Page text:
Unemployed single mom asked to repay almost $22K in state benefits

Marquisha Mccullough, just like millions of people in Tennessee, faced difficult times when the pandemic struck. She lost her job selling insurance and found herself in a challenging situation.

“I was in the business of selling supplemental insurance policies to business owners with employees,” Mccullough recalled. “At that time, I was also expecting a child. However, when the lockdown was imposed, everything came to a halt. It was an incredibly stressful situation, and I had to come to terms with the fact that I had lost my job.”

As a single mother, I recently moved into a new apartment. In order to make ends meet, I decided to apply for unemployment benefits. Thankfully, I started receiving payments from April 2020 and continued to receive them until late June 2021.

“When I initially applied, it was during the time when the CARES Act was signed into law by Donald Trump,” Mccullough explained. “This was a significant moment because it allowed 1099 contractors and independent workers to access unemployment benefits due to the impact of COVID-19, marking the first time in U.S. history that such individuals were eligible for such benefits.”

In November 2021, the Tennessee Department of Labor made a determination stating that Mccullough was ineligible to receive pandemic unemployment assistance benefits. Consequently, they determined that she had been overpaid and deemed her at fault for the situation. As a result, her request to have the claim waived was subsequently denied.

In December 2023, the tribunal hearing her case overturned the initial decision and ruled that Mccullough was not responsible for the overpayment.

The department was instructed to investigate whether she qualified for a waiver, so the case was remanded to them.

According to a spokesperson from the Department of Labor, they sent an email to Mccullough on April 15, 2024, as a reminder that she still had the option to file a waiver.

The department mentioned that she failed to fill out the form and also did not provide the requested documentation regarding her employment status.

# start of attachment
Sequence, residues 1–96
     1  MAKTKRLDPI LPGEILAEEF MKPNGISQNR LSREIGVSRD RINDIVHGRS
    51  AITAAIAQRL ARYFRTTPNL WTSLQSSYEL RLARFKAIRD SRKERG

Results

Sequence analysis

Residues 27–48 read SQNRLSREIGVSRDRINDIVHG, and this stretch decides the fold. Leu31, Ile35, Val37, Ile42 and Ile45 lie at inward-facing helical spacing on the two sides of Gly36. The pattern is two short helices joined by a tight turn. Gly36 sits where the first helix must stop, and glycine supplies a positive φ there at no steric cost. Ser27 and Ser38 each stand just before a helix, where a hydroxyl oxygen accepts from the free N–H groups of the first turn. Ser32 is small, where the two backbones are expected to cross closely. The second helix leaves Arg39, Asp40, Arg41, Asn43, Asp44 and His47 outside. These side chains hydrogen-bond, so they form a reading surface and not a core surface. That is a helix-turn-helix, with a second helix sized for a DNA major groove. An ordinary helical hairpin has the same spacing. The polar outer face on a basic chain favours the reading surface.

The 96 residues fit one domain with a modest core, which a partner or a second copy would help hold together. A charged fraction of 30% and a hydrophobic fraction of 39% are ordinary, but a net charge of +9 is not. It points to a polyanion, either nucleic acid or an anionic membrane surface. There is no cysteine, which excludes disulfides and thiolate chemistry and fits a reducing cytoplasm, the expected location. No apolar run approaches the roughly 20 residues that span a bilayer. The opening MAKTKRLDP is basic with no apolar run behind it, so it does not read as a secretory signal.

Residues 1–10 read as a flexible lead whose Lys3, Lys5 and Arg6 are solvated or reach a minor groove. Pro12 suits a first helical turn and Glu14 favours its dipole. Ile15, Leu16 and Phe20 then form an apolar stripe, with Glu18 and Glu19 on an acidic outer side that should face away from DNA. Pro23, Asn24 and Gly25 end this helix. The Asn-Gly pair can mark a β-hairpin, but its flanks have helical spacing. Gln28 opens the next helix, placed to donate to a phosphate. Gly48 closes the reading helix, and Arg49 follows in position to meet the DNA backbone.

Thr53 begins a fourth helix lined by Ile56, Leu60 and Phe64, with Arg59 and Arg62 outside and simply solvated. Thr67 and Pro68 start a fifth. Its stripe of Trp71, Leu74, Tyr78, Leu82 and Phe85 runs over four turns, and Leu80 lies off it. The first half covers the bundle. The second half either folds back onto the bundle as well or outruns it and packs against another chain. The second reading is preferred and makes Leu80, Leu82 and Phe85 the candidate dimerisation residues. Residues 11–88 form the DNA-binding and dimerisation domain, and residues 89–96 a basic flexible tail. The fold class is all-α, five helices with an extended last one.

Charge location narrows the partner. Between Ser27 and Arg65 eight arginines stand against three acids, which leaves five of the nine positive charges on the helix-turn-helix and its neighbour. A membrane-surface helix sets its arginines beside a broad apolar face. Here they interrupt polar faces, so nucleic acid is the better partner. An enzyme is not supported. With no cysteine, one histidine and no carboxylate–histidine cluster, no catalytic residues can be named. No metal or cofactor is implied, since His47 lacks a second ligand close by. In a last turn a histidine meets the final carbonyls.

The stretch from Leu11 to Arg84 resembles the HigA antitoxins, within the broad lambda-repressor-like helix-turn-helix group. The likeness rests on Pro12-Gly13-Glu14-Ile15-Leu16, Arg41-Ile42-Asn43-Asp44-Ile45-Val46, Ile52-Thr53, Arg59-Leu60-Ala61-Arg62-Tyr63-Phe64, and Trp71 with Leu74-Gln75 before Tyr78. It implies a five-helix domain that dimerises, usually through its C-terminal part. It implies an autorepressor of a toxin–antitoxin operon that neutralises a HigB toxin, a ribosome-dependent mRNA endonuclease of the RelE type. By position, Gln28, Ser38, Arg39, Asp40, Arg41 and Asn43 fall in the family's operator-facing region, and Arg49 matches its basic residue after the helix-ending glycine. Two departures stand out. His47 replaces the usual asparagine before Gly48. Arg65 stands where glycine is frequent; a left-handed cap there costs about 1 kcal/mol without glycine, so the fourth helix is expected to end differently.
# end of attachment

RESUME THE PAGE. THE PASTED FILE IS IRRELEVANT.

Mccullough mentioned that she does not remember receiving an email regarding the waiver. She stated that she has submitted all the documents she had from the period between 2020 and 2021. Lately, the only correspondence she has received from the Department of Labor are intimidating collection notices.

“This last letter is written in all caps, with the words FINAL, FINAL, FINAL,” Mccullough explained. “It makes me feel like I’m being targeted by some organized group, and it’s been causing me sleepless nights.”

Mccullogh recently lost her job again and is now facing the garnishment of her new claim for unemployment benefits and income tax refund by the department.

“I’ll be pretty messed up if you come back after four years and claim that I owe you $22,000. I didn’t break any laws or commit fraud. It’s not my fault. So, what’s really going on?” Mccullough exclaimed.

WSMV4 Investigates reached out to the Department of Labor for an interview regarding unemployment overpayments during the peak of the pandemic. However, representatives from the agency declined to appear on camera.

Here are the figures provided by the department:

Between March 2020 and July 2021, there were a total of 1,256,789 claims filed.

Between March 2020 and September 2020, a staggering $1.6 billion in claims were paid out.

Between March 2020 and July 2021, a total of 23,799 claims were overpaid.

Between March 2020 and July 2021, there were overpayments totaling $63,177,227.

According to the department, Tennessee provides an option for a non-fault waiver in situations where there has been an overpayment of underemployment benefits. In such cases, individuals have a period of 90 days from the determination of the non-fault overpayment to submit a completed waiver form to the department for review.

Mccullough asserts that she has submitted all the necessary documents to the department right from the start, in order to demonstrate her eligibility and rightful claim for unemployment benefits under the CARES Act.

Mccullough mentioned that the process has become incredibly complex due to the numerous appeals, waiver forms, and collection notices. As a result, she is uncertain about the specific requirements of the department, and a significant portion of the information they are requesting has already been lost or discarded.

“I’m unable to fill out the waiver form since it requires me to provide bills, but my bills have changed over time, and I don’t have statements from three or four years ago. I never anticipated that I would need to keep them,” expressed Mccullough.

Frustrated, Mccullough is unsure about her next steps, fearing that she is rapidly running out of options and unable to repay the money that the Department of Labor insists she still owes.

Reference Article

Avatar photo
MBS Staff
Articles: 7182

Leave a Reply

Your email address will not be published. Required fields are marked *